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- Portfolio Management Theory and Applications

- Finance & Accounting
- Assignment
- Masters
- Pages: 2 (500 words)
- October 09, 2019

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The paper “ Portfolio Management Theory and Application" is an informative example of an assignment on finance & accounting. Particularly, it concerns the expected return on the new portfolio including the ABC stock. The total amount invested is equal to $900000 +$100000 = $1000000. Proportion of fully invested amount = (900000/1000000) = 0.9. The ABC invested proportion = (100000/1000000) = 0.1. The expected return for the investment will be computed by taking the proportion invested then multiply by the expected monthly returns (0.9*0.67) +(0.1*1.25) = 0.728% ii). The covariance of the ABC stock returns alongside the returns of the original portfolio. The aggregate covariance is found by multiplying the correlation coefficient of ABC stock and original returns of the portfolio which is 0.4 with the monthly standard deviations of returns of the original portfolio which is 2.37 and ABC stock which is 2.95.

The covariance = 0.4(2.95*2.37) = 2.79. iii). The expected standard deviation The standard deviation is computed by adding the standard deviation of ABC stock adding to the standard deviation of the diversified portfolio then adding the total to the covariance between the diversified portfolio and ABC stock. (4.5497+0.0870+0.504)^1/2 = 2.27% B. i).

the new expected return on risk-free government security (0.9*0.67)+ (0.1*0.42) = 0.645% ii). The expected covariance of government security is zero since government security is risk-free. = (0.37*0) = 0 iii). The expected standard deviation of government security (4.5497+0+0)^1/2 = 2.13%In portfolio management, beta is used to measure the volatility that certain security has in relation to its risk likelihood. The government securities are risk-free since there is no default of the government to the investors. The risk-free securities have a zero standard deviation that is used to lower the uncertainty of the investors.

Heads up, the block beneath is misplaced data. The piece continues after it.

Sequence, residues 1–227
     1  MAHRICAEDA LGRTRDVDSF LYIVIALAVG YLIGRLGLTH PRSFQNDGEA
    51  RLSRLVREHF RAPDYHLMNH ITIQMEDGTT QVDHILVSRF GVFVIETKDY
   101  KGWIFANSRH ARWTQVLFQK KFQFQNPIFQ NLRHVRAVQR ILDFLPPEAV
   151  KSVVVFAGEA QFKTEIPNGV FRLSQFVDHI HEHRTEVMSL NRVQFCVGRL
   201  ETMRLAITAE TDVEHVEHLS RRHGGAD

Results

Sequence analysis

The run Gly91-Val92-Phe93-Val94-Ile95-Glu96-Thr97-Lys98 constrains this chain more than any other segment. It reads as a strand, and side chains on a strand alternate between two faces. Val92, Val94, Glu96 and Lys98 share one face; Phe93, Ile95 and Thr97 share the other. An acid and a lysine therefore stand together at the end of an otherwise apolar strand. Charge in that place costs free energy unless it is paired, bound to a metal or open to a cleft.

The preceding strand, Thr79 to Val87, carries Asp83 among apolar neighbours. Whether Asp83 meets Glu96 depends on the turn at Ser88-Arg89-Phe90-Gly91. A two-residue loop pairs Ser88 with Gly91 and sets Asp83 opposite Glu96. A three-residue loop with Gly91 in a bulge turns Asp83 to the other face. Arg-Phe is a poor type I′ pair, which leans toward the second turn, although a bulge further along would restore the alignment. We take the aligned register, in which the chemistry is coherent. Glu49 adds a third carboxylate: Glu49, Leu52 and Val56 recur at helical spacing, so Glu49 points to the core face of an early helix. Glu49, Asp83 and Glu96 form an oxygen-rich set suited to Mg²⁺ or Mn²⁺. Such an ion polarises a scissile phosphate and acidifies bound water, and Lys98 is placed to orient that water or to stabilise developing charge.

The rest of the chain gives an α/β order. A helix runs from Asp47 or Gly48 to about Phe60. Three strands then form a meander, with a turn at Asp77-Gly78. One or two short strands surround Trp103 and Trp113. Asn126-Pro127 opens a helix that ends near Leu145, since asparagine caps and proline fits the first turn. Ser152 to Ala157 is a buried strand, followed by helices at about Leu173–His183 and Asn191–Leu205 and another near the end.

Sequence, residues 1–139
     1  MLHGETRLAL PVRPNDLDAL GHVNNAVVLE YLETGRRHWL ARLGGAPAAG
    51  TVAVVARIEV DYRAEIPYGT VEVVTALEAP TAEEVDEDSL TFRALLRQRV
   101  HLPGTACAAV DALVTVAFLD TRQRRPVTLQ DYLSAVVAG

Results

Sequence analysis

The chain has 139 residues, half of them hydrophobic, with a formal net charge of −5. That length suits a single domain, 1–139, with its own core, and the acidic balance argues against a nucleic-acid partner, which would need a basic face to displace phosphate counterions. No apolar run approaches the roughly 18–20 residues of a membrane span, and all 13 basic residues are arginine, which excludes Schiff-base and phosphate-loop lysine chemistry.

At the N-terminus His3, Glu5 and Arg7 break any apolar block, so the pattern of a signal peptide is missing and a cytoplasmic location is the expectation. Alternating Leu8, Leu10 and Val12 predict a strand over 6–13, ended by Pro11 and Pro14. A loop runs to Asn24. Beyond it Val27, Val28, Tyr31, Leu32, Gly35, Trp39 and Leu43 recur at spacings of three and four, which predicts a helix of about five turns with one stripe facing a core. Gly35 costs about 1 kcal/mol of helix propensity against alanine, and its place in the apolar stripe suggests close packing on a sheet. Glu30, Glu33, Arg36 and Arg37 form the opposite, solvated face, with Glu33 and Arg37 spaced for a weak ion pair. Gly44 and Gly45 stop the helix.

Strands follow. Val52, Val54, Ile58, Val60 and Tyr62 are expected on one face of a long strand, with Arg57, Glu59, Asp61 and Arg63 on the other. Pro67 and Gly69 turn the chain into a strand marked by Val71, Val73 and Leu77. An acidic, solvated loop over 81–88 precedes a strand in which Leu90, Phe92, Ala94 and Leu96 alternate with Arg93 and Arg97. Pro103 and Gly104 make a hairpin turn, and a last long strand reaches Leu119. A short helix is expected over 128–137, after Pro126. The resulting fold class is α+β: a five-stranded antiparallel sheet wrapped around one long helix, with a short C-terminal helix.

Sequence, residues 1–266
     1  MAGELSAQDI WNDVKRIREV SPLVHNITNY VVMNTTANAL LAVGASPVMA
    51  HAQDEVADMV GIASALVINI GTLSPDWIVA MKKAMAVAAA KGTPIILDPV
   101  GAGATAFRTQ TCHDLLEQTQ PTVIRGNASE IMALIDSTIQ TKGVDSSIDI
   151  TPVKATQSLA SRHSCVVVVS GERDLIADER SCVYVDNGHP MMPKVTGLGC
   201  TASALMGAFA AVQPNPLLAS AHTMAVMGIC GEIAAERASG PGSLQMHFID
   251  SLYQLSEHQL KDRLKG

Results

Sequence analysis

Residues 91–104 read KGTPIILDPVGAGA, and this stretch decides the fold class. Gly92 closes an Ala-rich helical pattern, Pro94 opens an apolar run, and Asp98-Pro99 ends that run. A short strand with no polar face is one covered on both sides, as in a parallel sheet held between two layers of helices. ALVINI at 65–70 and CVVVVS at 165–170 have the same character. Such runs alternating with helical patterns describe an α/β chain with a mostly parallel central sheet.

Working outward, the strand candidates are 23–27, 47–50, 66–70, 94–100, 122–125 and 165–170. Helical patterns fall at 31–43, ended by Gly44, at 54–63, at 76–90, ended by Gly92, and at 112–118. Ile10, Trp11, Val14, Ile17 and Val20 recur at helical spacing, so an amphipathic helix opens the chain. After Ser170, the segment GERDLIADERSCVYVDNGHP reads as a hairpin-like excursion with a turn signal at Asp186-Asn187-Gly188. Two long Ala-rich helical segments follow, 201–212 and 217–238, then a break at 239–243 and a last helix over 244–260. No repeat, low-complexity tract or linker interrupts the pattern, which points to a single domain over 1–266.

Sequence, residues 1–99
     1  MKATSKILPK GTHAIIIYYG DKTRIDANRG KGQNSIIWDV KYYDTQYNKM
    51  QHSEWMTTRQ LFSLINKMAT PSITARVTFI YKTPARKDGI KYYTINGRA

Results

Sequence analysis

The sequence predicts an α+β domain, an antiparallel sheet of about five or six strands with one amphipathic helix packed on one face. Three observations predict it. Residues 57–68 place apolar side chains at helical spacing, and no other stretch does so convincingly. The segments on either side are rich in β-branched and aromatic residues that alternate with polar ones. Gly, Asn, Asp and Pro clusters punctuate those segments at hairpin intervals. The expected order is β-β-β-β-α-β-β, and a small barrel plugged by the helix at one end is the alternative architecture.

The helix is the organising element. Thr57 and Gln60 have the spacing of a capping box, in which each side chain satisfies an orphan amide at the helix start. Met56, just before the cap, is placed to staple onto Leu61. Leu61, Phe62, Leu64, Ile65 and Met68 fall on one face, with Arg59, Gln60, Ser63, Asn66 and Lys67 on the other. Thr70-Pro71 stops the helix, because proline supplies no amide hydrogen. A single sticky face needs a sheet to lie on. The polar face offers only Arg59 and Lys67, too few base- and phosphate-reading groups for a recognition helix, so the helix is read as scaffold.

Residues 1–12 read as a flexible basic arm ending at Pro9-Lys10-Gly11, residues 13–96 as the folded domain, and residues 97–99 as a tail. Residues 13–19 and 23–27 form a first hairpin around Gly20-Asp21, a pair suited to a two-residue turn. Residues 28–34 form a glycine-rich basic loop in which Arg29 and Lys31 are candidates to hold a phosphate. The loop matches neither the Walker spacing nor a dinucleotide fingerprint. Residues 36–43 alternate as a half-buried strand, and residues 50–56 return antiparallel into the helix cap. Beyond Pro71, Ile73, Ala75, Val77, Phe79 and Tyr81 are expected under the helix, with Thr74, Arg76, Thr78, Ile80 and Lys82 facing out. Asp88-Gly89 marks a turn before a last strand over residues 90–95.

In the computation of beta, the standard deviation is one of the key variables. The higher the standard deviation, the higher the beta value whiles the lower the standard deviation, the lower the beta. The new portfolio of the government securities will, therefore, have a lower beta than the original portfolio. The husband’ s comment is incorrect. In the decision whether to invest or not is justified by the evaluation of the expected returns that a given investment opportunity will yield and on the other hand determination of the variations or possible deviations of a given investment.

In a scenario where Grace will invest in the common stock, the expected return on the investment will be (0.1*1.25) = 0.125%. The standard deviation will be (0.1*2.95) =0.0295. Considering that she will keep the money. The standard deviation for such will be zero. Therefore it would have been wise for the husband to advice Grace to keep the money because there is no possibility of a loss being occurred than to simply say it does not matter. This is in some loose sense called a reckless statement that has no grounds to sustain the validity. The weakness of using standard deviation is that it is incapable of quantifying the behavioral facet of investing risk.

The standard deviations are calculated at one point at a time and therefore, affected by stochastic business factors that affect the portfolio. Additionally, the standard deviation is computed based on historical data and hence cannot be used to make future decisions as far as risk and returns are concerned. I will not believe that the diagram is an efficient frontier of the group of shares he analyzed.

Pursuant to the Markowitz efficient frontier theory, it should be a graphical representation of a set of portfolios that give the highest returns expected with varied expected risks. Such a diagram lacks one combination of the shares that yield the highest returns expected and this is inconsistent with the efficient frontier theory. The graph does not guarantee the selection of a portfolio that can give the highest return. Though the diagram is curved as the theory dictates, such a curve does not give light to know how the diversification can let an investor enhance the reward-risk proportion.

The diagram is somehow misleading and cannot be based on investment decisions.

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